Why Real Estate Agents Want You to Watch Out for “Emotional Taxes”
Buying a home comes with all types of fees — lender fees, the purchase price, a property inspection, title fees, and the list goes on. But have you ever heard of an “emotional tax?” And could it be something that’s driving up the cost of the homes you’re looking at?
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Unlike, say, an appraisal fee, an emotional tax isn’t something that’s so straightforward. Rather, it’s defined as something a little extra added on to the list price of a house because the seller has fond memories or an attachment to the home. Usually, a real estate agent will bring sellers back to reality and make sure that the home is listed at a reasonable price. In fact, this kind of back and forth is quite common between sellers and their agents when listing prices are being set.
It’s understandable: You’ve lived in your homes for years, maybe even decades, and you’ve made all kinds of memories while at your current address, says Los Angeles-based real estate agent Angela Carrasco. “The emotional tax is the equity sellers want to cash in on from leaving those memories behind,” she explains.
Emotional taxes are at an all-time high as people have spent a lot of time at home during the height of COVID, which has left them feeling more connected than ever to their spaces. Plus, sellers heard about the hypercompetitive bidding wars that were playing out.
“After almost two years of homes selling for over asking prices, sellers seem to sometimes think their houses will do the same,” says Gena Knox, an Athens, Georgia-based Realtor with Ansley Real Estate. “There are still certain markets where homes are selling with multiple offers, but this usually comes with a well-thought-out pricing strategy. Pricing your home accurately can sometimes encourage multiple offers.”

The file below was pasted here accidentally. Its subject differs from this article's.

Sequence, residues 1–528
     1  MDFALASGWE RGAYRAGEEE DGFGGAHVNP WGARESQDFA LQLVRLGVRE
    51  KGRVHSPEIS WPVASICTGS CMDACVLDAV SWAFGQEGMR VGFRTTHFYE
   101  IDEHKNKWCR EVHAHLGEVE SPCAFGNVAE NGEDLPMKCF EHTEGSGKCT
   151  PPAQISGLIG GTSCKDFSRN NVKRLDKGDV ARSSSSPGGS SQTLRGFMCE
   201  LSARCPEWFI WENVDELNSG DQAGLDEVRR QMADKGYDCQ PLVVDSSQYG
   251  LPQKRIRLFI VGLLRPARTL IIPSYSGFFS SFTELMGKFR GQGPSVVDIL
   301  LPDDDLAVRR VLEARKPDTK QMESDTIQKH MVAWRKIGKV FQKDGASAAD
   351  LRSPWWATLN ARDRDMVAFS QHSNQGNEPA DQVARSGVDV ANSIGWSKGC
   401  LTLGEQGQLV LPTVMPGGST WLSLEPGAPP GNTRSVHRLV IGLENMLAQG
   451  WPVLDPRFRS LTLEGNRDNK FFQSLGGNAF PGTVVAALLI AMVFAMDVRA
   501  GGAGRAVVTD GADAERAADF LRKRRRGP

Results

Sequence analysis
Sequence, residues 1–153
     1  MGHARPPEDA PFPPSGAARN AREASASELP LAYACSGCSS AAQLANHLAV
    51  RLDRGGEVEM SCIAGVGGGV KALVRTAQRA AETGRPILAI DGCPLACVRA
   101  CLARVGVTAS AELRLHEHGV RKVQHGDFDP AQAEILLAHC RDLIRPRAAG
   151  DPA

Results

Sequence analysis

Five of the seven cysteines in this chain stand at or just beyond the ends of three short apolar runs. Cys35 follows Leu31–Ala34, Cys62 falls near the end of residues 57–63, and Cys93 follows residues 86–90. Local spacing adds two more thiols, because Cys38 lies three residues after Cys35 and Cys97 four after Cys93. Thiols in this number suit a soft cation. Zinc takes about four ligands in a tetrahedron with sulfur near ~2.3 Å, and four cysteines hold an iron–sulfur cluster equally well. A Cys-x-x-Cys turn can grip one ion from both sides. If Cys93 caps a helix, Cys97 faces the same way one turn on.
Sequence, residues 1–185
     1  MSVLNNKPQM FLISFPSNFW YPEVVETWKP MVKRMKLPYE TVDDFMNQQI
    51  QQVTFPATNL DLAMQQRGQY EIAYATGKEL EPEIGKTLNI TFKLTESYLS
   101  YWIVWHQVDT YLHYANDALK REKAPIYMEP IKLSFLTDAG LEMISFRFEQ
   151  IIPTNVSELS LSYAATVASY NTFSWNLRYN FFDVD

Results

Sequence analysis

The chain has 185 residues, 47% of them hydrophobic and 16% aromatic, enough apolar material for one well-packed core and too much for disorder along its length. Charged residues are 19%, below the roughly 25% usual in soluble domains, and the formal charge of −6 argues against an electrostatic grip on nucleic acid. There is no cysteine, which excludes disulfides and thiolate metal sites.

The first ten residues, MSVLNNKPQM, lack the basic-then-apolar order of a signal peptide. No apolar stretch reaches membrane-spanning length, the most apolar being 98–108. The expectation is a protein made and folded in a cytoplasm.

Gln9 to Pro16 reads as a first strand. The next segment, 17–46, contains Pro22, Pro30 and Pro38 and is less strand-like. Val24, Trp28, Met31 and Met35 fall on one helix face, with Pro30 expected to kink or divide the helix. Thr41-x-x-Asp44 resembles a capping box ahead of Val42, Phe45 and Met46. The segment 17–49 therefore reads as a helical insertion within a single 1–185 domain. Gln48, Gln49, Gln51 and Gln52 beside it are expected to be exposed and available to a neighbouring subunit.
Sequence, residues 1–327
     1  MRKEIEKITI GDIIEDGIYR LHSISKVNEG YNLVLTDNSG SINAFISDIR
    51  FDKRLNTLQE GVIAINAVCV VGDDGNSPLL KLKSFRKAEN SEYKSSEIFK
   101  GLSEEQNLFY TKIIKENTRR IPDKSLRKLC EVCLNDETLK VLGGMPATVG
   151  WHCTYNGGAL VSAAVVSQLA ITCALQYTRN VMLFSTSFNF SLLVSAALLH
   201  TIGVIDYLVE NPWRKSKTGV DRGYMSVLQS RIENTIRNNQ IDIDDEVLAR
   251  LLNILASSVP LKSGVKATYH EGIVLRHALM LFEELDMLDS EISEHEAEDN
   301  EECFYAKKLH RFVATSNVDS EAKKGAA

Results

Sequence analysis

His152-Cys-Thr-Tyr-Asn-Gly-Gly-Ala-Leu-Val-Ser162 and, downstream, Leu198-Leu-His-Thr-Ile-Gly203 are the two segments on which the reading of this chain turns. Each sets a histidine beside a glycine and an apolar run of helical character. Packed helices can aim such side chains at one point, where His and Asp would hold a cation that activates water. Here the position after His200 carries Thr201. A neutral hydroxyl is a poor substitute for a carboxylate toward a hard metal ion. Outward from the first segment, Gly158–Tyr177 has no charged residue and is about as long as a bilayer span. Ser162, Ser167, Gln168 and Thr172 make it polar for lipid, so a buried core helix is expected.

Much goes into setting a list price, including looking at comparables (i.e., comps), which are homes that are sold in the neighborhood and that are similar to the one you’re about to put on the market. The location of the home is also a huge factor, Knox says, because every house has a microclimate. Some homes get all kinds of sunshine. Others might have a bank of snow that sticks around for weeks.
Time of year is also paramount when listing, Knox says. (FWIW, spring tends to be the best time of year to list your home!) And pricing a home too high can put it outside the scope of potential buyers, says Andrew Pierce, the founder of Real Estate Holding Company. “Often buyers will search for homes within a set price range and if the over-estimation puts it out of that price range, they might not even see it in search results,” he says.
Plus, an overpriced home can be seen as a “problem home,” Pierce says, because it will usually stay on the market longer than homes that are more accurately priced. Potential buyers will start to wonder if there are issues with it.
Interestingly, listing your home a little lower can actually be a great strategy.
“If a home doesn’t sell right away because it’s priced too high, it takes away a buyer’s urgency,” says Kathy Helbig-Strick, a licensed broker and CEO of Experience Real Estate Partners with EXP Realty in St. Louis. “This puts the seller in a position of chasing the buyer, which equates to a much lower sales price. Buyers will swarm comparable homes on the market that have a lower price instead.”
Of course, listing a home can be emotional for many sellers, which is why Helbig-Strick encourages them to change their mindset: “I tell my clients, ‘This is no longer your home. The day you decided to sell it, it became a commodity.’”
It can also help to think about the next home that you’re moving into, says Theresa Raymond, a real estate broker in Sevierville, Tennessee. “Focus on the positive aspects of your move, and get excited about the possibilities you have ahead,” she says.